Use visualization

Visualization is like taking a mental vacation. It frees your mind while keeping your body in a calm state. To get started, picture yourself feeling warm and relaxed. Choose a peaceful setting that appeals to you and fill in the details. If you imagine a tropical beach, listen to the waves on the shore. Feel the sun on your face. Dig your toes in the sand. By using the power of your mind, you can take a soothing break when you need to.

Seek support

Build a support network with people who can give you feedback that is helpful and kind. Interact less with negative people in your life who may make you doubt your self-worth. Find a few good friends or family members who can help bolster you up when you need it. Engage in talk therapy so you can learn new problem-solving skills to manage low self-esteem.

Develop a safety plan

Sometimes, despite all your best efforts, you may find yourself in crisis. In these times, have a safety plan. This is a written set of instructions for when you may think about harming yourself. You may want to include the following in it:

  • The names of people you can call when you're upset

  • A list of your internal coping strategies, or what helps sooth you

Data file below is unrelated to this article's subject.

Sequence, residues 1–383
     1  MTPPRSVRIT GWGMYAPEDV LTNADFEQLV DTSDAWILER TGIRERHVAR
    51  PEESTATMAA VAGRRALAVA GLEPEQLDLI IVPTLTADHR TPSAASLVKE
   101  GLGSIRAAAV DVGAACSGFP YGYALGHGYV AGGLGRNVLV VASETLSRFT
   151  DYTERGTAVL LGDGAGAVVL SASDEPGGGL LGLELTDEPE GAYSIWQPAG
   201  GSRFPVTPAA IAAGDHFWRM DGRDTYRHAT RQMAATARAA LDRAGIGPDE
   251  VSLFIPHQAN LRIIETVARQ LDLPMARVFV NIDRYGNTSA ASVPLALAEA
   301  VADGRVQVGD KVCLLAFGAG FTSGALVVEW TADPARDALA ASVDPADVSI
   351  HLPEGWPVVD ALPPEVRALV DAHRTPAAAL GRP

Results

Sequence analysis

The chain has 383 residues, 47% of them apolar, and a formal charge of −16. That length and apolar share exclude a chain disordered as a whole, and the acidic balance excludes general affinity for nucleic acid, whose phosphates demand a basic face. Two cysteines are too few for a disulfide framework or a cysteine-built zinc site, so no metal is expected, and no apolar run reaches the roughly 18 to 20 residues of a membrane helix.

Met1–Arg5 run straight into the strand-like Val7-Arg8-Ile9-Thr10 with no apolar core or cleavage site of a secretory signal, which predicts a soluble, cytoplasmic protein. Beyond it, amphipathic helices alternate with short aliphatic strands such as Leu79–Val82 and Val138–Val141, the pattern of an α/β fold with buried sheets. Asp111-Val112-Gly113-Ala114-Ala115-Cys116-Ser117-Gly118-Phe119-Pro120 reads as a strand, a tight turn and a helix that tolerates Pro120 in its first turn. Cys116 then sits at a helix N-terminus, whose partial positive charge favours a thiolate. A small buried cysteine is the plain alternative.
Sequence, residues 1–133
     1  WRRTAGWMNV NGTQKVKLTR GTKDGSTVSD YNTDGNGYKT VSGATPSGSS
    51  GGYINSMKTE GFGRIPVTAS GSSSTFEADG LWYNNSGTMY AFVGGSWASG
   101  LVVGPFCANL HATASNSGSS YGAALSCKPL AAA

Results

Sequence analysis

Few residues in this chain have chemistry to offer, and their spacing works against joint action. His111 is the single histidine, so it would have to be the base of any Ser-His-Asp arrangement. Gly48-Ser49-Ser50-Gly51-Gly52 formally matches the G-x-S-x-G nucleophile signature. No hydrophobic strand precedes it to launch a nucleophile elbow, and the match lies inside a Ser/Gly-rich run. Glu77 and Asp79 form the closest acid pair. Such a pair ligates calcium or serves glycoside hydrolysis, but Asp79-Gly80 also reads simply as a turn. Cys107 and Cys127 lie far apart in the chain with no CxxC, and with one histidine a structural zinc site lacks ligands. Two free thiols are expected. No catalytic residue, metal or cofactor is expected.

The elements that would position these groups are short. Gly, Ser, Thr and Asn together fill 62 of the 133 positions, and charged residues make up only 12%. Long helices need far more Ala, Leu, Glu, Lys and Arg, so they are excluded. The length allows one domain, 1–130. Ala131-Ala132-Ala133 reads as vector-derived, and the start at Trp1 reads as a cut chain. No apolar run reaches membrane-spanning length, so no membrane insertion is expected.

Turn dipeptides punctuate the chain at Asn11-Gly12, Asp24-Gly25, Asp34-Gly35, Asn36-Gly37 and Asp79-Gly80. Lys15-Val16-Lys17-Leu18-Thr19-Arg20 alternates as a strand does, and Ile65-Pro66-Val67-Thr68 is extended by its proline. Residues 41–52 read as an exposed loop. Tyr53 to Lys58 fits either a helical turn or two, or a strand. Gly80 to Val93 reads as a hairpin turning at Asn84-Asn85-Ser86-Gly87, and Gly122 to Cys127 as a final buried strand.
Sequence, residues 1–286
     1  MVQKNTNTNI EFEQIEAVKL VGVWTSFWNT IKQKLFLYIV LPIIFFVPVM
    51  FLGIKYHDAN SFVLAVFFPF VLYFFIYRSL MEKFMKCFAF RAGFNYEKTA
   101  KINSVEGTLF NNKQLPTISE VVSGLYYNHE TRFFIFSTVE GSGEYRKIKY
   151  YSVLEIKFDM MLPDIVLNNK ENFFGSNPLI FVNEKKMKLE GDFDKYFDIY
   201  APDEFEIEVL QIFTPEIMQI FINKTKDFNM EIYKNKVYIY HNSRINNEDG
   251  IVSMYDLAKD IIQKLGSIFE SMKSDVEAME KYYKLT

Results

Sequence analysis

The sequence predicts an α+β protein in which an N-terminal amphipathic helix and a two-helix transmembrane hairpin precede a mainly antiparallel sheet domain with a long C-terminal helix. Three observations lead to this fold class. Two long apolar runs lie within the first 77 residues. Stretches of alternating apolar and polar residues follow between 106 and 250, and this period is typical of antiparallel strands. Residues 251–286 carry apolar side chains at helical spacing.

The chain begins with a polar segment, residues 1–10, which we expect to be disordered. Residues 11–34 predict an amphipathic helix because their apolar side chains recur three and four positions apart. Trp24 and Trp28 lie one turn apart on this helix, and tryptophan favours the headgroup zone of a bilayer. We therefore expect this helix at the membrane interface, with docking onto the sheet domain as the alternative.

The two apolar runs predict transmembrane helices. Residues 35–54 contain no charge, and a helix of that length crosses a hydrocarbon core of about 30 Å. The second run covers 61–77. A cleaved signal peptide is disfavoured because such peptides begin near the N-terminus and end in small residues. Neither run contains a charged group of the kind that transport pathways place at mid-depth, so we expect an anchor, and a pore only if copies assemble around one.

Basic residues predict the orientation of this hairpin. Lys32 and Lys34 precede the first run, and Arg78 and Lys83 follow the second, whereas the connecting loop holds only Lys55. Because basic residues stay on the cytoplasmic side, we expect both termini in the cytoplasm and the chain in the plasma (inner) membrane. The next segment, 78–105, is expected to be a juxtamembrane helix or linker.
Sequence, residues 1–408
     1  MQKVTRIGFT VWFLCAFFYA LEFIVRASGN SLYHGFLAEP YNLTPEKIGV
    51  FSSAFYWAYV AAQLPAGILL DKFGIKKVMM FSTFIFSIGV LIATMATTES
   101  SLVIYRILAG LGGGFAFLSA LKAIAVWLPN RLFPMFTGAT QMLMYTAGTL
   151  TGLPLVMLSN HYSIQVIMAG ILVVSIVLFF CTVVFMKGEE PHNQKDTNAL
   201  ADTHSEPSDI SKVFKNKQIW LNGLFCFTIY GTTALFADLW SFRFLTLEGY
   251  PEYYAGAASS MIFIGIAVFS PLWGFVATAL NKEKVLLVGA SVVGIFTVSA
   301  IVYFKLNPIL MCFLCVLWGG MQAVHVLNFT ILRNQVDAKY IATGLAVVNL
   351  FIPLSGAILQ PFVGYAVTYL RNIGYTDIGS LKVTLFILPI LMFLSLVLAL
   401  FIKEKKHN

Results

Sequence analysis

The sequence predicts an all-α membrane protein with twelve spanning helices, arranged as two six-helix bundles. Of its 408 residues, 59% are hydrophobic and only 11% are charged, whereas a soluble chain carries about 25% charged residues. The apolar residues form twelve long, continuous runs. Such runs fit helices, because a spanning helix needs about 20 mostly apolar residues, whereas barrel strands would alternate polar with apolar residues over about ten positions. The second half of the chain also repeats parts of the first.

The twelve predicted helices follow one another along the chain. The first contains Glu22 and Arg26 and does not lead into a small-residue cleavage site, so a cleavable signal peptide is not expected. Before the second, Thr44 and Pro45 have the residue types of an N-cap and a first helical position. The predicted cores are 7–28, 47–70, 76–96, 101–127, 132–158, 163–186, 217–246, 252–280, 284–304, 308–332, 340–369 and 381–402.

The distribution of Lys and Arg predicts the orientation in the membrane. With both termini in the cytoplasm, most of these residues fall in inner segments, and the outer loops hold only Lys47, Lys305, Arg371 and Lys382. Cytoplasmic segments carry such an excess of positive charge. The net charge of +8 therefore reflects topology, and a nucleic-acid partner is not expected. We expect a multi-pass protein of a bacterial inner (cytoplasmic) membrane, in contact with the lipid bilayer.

• Things you are grateful for

  • Your reasons for living

  • Your provider’s phone number

  • Urgent care services' phone number

  • Phone number for the National Suicide Prevention Lifeline, 800-273-TALK (800-273-8255). The Lifeline is available 24/7 and provides free and confidential support. You can also reach a crisis counselor by texting HOME to 741741 or visiting the lifeline at

Call or text 988

When you call or text 988, you will be connected to trained crisis counselors at the National Suicide Prevention Lifeline. An online chat option is also available at Lifeline is free and available 24/7.

Call or text 988 if you:

  • Have suicidal thoughts, a suicide plan, and the means to carry out the plan

  • Have serious thoughts of hurting someone else

Call your healthcare provider if you have new or worsening symptoms.